Nowadays modern herbicides are very efficient at controlling all types of weeds so we never see milkweeds in farm fields anymore. They’re limited to fence rows, ditches and other out of the way places. The number of milkweeds for monarch butterflies to lay their eggs on and for their caterpillars to eat has been drastically reduced. Now, farming organizations that used to join in the battle against milkweeds now pass out seeds and encourage people to re-establish them.

Milkweeds still have the potential to get out of control and become a nuisance. Once they become establish they will spread by way of underground roots. Those roots are very tough and strong and are able to push themselves into surrounding areas and compete with other plants. In one spot in my yard, I started out with a single milkweed plant next to my garage a few years ago. That has now turned into a colony of plants that is over 40 feet long. One of these days I’ll have to do something with them before they really get out of hand.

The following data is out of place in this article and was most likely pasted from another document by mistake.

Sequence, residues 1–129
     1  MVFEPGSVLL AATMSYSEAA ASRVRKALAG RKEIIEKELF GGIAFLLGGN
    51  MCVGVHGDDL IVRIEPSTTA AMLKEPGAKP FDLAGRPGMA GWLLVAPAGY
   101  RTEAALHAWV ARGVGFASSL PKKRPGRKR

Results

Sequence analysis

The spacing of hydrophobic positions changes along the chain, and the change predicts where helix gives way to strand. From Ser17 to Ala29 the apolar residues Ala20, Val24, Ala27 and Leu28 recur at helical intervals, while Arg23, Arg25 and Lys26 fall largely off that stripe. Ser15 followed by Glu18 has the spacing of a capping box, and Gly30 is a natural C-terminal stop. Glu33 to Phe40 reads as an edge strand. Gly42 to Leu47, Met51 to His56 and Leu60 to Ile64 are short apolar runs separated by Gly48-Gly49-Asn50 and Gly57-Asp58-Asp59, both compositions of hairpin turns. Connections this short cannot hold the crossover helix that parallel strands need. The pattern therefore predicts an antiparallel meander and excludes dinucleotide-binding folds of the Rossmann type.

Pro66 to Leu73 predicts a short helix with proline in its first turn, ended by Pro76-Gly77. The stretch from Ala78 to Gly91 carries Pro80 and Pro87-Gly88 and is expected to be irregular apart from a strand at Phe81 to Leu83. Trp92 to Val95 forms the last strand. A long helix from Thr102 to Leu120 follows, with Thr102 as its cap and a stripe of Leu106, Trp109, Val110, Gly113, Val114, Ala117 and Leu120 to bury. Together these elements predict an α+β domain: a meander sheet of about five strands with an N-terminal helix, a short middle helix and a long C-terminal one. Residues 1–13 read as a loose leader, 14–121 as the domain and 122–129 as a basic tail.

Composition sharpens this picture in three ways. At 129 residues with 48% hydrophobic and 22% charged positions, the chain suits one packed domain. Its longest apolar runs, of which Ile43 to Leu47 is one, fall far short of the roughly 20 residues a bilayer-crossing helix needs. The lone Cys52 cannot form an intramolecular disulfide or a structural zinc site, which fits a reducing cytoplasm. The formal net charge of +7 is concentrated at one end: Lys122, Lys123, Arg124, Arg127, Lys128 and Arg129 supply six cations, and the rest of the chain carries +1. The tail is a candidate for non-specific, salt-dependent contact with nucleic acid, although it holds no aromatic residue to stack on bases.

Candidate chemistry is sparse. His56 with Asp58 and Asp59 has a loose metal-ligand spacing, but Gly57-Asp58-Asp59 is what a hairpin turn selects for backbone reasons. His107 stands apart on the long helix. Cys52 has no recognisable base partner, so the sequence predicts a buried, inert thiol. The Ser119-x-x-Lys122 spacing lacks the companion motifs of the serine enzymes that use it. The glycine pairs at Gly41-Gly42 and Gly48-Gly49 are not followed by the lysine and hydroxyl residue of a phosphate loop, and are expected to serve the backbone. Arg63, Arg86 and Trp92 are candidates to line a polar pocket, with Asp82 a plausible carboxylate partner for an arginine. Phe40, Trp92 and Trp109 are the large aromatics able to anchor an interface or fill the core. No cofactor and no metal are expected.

The nearest milkweed stalk is over three feet away from this shoot pushing up through the concrete expansion joint.
The nearest milkweed stalk is over three feet away from this shoot pushing up through the concrete expansion joint.

Another patch is beginning to encroach into the vegetable garden. They’re pushing their way up through seams in the plastic mulch I have laid out.

I don’t mind my milkweeds being a bit unruly, it’s fun , at least for now, to see those plants thrive in the yard. It reminds me that it won’t be long before the monarchs are back.

Bob

 

 

Divide perennials in early spring

The best time of year to divide perennial flowers is early spring just as their new shoots begin to peek up through the soil. That time is right now.

Gardeners have different reasons why they might want to divide their perennials. Maybe the plant is getting too old or too big for the space they’ve been growing in. Another gardener may want to  build up the number of plants they have to expand their planting. Still another may want to give away hard-to-find plants to friends.

From a practical point of view, dividing perennials is most often done because the plants age and their flower displays start to wane. As a perennial plant grows, it adds new growth to the outer portion of the clump of plants. This works fine for the gardener up to a point. Eventually the clump expands so much with new growth that the center of the clump will turn woody and non-productive.  That’s when dividing needs to be done to revive the plant.